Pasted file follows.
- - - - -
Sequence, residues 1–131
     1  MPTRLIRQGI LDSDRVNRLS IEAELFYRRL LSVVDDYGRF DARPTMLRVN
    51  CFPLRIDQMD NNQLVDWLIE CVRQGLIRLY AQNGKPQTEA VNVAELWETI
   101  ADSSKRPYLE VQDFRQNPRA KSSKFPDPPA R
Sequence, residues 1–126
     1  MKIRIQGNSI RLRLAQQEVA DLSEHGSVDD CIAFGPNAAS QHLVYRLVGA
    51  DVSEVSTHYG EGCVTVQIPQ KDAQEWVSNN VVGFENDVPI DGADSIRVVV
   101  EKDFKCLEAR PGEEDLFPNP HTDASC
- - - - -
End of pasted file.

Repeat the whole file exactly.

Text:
Sequence, residues 1–131
     1  MPTRLIRQGI LDSDRVNRLS IEAELFYRRL LSVVDDYGRF DARPTMLRVN
    51  CFPLRIDQMD NNQLVDWLIE CVRQGLIRLY AQNGKPQTEA VNVAELWETI
   101  ADSSKRPYLE VQDFRQNPRA KSSKFPDPPA R
Sequence, residues 1–126
     1  MKIRIQGNSI RLRLAQQEVA DLSEHGSVDD CIAFGPNAAS QHLVYRLVGA
    51  DVSEVSTHYG EGCVTVQIPQ KDAQEWVSNN VVGFENDVPI DGADSIRVVV
   101  EKDFKCLEAR PGEEDLFPNP HTDASC